Path independent: forging new models of tech infrastructure through community participation
Tim attended this session.
This session brought together a number of different organisations working on researching the social impacts of technology independent of big technology firms: with a particular focus on the needs of engineers in these industry independent projects to have stronger opportunities for networking and mutual exchange.
I attended in part, because I’ve long been inspired by the critical and open approach to research taken by one of the co-organisers, CATLab, and because of the opportunity to start thinking about the role of tech workers in creating change around how data is governed: a theme we’ve been exploring in our Theory of Change.
I was struck by the diversity of ways panellists and participants were approaching the question of ‘new models of tech infrastructure’, from CATLab’s work on co-creating research studies on social media platforms, to SITU Research’s architectural studio approach to designing artefacts from digital traces to inform human rights reporting and action, and Open Technology Fund’s investment in building tech infrastructure and supporting tech development through it’s ‘Labs’. As a non-engineer I found it a little hard to trace the common threads between the presentations, and my sense was there were lots of different notions of what ‘community participation’ meant at play. However in the break-out discussions I found I gained some useful insights into the challenge that technologists face moving from large firms that provide a scaffolding for professional development, into the independent technology world where structures for mentorship and peer-learning are harder to come by.
Discovering and deploying digital public goods as tools for human rights
Jeni attended this session.
This session was about the Digital Public Goods Alliance, which is focused on enhancing the use of and investment in digital public goods – in particular open source software, but also open data and other open assets – in support of the Sustainable Development Goals. The initiative defines a standard for digital public goods and has created a registry of assets that meet that standard. The idea is that this should help organisations working towards the SDGs to identify and use suitable tools, and help investors ensure they’re not repeatedly funding lots of the same kind of thing, and are funding the maintenance of the tools that already exist.
I went to this session in part because of my general interest in open resources and because data is sometimes a digital public good, and if it is, it’ll need governance.
The focus of the conversation was very much on the kinds of useful digital tools that are being developed and have been registered. I was particularly taken by the description of Primero – an open source case management tool for children’s services – and the way they had thought through different tiers of service support for different users. But that’s really because I’m obsessed with business models that provide sustainability for public goods without undermining their openness.
I was a bit disappointed by how little engagement and participation was included within the Digital Public Goods standard, although I was pointed to a currently open issue on incorporating some kind of guidance on governance into the standard. It’s pretty easy to put together a piece of software that doesn’t meet user needs (because you go with your gut about how it should work rather than asking the people you want to use it), that causes unintentional harms (because you never consulted with the people who would be harmed by it, who would have spotted obvious flaws), and that ends up neglected and un-maintained (because you never built any governance around it). It seems to me that proactive engagement with stakeholders can help avoid lots of these bear pits.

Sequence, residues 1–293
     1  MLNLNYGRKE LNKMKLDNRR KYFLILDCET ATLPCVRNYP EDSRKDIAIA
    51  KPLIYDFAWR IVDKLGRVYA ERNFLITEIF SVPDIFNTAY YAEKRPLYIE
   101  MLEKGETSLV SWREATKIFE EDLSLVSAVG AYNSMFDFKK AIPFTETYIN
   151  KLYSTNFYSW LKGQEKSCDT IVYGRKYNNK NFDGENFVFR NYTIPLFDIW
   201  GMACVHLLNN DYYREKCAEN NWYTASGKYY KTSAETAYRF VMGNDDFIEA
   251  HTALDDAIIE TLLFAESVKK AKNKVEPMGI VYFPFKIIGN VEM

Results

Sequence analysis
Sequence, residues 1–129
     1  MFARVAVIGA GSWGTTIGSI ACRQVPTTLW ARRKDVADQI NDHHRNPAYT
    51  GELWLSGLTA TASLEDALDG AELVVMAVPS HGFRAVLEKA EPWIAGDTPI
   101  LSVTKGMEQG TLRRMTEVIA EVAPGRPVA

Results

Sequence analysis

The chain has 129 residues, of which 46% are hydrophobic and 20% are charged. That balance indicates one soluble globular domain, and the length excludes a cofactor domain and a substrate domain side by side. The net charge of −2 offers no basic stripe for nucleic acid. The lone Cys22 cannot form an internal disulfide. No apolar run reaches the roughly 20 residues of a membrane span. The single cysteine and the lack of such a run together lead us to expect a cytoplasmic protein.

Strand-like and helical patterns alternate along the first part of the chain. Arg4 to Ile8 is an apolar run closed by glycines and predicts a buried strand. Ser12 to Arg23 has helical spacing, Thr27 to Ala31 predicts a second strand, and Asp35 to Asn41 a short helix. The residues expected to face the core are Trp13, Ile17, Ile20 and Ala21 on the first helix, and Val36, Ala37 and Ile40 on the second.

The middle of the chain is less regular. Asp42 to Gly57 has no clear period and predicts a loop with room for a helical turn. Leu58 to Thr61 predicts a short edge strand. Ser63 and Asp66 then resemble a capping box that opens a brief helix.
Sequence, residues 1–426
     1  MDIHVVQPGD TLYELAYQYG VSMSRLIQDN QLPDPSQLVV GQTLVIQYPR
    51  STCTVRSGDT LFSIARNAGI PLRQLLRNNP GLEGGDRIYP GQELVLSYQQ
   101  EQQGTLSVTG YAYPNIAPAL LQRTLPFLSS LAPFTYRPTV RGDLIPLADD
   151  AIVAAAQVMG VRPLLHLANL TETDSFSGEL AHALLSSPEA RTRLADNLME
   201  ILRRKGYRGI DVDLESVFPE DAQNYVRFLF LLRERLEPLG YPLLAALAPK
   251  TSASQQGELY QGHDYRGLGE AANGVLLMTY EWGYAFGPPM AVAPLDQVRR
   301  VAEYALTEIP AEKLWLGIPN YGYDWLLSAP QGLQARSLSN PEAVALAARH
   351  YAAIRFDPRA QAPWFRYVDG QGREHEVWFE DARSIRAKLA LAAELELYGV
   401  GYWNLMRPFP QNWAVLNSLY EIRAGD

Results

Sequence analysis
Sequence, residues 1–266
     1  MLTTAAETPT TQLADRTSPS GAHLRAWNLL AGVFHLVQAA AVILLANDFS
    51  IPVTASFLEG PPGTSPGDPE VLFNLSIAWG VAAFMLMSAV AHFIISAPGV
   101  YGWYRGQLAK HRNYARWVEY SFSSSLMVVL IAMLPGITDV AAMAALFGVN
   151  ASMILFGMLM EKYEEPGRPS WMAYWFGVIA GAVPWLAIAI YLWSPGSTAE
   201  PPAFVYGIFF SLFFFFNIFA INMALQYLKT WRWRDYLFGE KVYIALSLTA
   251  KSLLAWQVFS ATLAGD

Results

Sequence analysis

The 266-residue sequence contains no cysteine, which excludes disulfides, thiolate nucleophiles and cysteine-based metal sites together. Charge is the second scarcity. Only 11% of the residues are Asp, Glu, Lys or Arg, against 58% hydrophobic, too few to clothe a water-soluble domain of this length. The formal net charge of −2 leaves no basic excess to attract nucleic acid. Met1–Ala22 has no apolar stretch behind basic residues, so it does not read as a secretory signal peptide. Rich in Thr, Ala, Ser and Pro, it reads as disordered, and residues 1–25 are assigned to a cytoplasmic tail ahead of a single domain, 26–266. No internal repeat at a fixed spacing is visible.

Still, if you are creating digital public goods and you want to get funding from international funders, it does look as though it would be worth trying to get yourself on the registry!
Who writes the rules? Centering the excluded majority in tech policy
Jeni attended this session.
This session was about the exclusion of racialised and marginalised women (particularly Black women) from tech policy, building on the Who Writes The Rules open letter which includes:
The #BrusselsSoWhite campaign highlighted that there is a persistent and exclusion of racialised people from European decision and policymaking processes – even concerning policies where these groups are most likely to experience harm. More recently, Politico’s analysis on employees within the Commission confirmed the Commission is overwhelmingly male and white. Furthermore, the systemic harms from many social media platforms — censorship, hate speech, disinformation, radicalisation and algorithmic injustice means that racialised and marginalised digital citizens experience two forms of exclusion: 1) from writing the rules of their tech platform experience and, 2) from the involvement in the literal writing of regulatory tech policy rules by states that govern them.
The participants noted that it’s not just policymakers in Brussels who are almost exclusively white, but also leaders of think tanks and funding organisations in this space.
I attended this session because giving marginalised voices a say in data governance is at the heart of our work at CONNECTED BY DATA. I have become much more aware over the last few years that being anti-racist is not just about not being racist, but actively advancing racial justice, and promoting and making space for Black voices.